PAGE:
Ever wondered how long it takes to strip a stone tiled roof?.... .
The first job of any major renovation is to control the water, that meant removing and relaying the whole Cotswold Stone Roof over a breathable membrane. .
This was done in the Spring and being as the rest of the house was going to be renovated throughout we took the gamble of not having a scaffold over-roof during the work. By only doing a section at a time it minimised exposure to the elements but saved huge costs in scaffolding. .
This replacement should last 50+ years and 80% of the removed stone was able to be re-used minimising costs. .
. #cotswoldstone #doitproperly #stoneroof #originalfeatures #cotswoldliving #homerenovation #myhouseidea #myrenothismonth #getitrightfirstime
At the north end of Lake Como there are many little alpine towns on the mountain slopes, like this one Daloo at 1100m. Here you can admire the roof architecture with stone slabs, the way it’s done today and the way it was done for the last millennia.
Our finished trullo in the context of the ‘masseria’ (Puglian-style farmstead) in which we built it.
The masseria where we stayed for the summer school is built around a renovated structure of several old trulli, which were originally built for storage, but recently transformed into bedrooms. Around it, several other structures were added – kitchen, dining room, other bedrooms – with nice outdoor spaces between them all. Together, they all formed a beautifully pleasant place to spend the last phase of our school year.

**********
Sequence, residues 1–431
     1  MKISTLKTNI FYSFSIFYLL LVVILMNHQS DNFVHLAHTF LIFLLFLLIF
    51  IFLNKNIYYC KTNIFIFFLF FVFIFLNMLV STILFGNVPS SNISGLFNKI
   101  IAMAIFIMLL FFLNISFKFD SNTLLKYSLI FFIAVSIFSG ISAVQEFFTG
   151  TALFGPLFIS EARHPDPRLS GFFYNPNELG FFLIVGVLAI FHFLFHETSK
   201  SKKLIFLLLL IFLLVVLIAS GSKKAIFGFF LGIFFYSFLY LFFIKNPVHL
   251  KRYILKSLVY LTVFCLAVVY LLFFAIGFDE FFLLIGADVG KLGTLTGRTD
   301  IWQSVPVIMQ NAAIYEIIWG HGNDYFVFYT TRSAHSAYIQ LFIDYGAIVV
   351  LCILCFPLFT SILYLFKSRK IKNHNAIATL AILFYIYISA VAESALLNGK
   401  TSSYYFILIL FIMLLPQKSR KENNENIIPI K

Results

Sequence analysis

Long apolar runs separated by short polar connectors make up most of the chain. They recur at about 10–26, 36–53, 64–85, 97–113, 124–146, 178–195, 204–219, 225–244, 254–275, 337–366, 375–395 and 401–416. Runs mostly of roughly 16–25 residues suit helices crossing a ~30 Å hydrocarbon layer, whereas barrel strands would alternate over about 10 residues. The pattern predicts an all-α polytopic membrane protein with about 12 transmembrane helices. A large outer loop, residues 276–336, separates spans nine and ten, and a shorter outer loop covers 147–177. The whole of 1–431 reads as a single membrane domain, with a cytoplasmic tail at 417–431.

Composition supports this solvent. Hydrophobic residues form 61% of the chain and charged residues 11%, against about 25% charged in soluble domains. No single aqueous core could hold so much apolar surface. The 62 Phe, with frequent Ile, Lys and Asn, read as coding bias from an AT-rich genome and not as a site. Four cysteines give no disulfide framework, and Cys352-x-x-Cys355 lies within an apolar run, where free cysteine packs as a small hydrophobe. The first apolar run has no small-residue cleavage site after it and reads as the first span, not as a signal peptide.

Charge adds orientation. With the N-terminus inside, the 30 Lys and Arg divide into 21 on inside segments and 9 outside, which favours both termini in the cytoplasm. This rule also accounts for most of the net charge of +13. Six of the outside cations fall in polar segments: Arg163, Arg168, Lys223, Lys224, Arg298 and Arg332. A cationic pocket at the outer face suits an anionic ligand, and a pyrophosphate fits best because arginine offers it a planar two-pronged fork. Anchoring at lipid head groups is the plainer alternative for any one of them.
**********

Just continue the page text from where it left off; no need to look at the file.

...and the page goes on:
And our trullo fits in with it very nicely!
After enough layers of limestone have been piled up such that the cone of the trullo is narrow enough, it’s time to build its pinnacle. For this purpose, three large stones are hand-carved: two truncated cones and one in the builder’s signature shape, or in our case, a sphere.
The inverted cones are placed one on the other on top of the structure, and their transition is streamlined with a layer of plaster. Finally, the sphere was put into place by Tonino, our wonderful host and cook.
The construction of a trullo continues.
After the square interior space is covered by a rough stone structure, comes a long process of building a conical roof on top of it, which is designed to keep the water out. This is done by placing the flat stone slabs such that they have a slight outwards slope, which turns the entire cone into a large rainwater drainage system.
The conical shape of the overall structure is ensured by using an ancient hi-tech method for determining where to place the stones: a tall vertical stick in the center of the structure, with a cord attached on top, which can be stretched all around the perimeter to mark the outer edge of the cone at all times.
A couple of pictures from this morning as the sun came up. Still a bit of a building site but its tidy and the barn is looking really great now that it has been repointed.
It’s all happening this week as the roof will be finished, the windows are going in, the guttering is going up and the roof insulation is being finished inside.
Then this weekend the scaffolding will be coming down, I can’t wait to see it again with no scaffolding! #barn#barnconversion#mydailyrenovation#renovation#stonework#limemortar#stoneroof#renovationlife
My home is my castle 😊 The first among many 'towering' houses Raine Karp built in the 70s and 80s. Although zoned for one-storey pitched roof vacation homes, a tall four-storey house was approved on this site thanks to Karp's good relations with the local head architect. The building, initially a summer home but later expanded and now used as a permanent residence, is located in a seaside village near Tallinn. Late 70s photo by Enno Raag.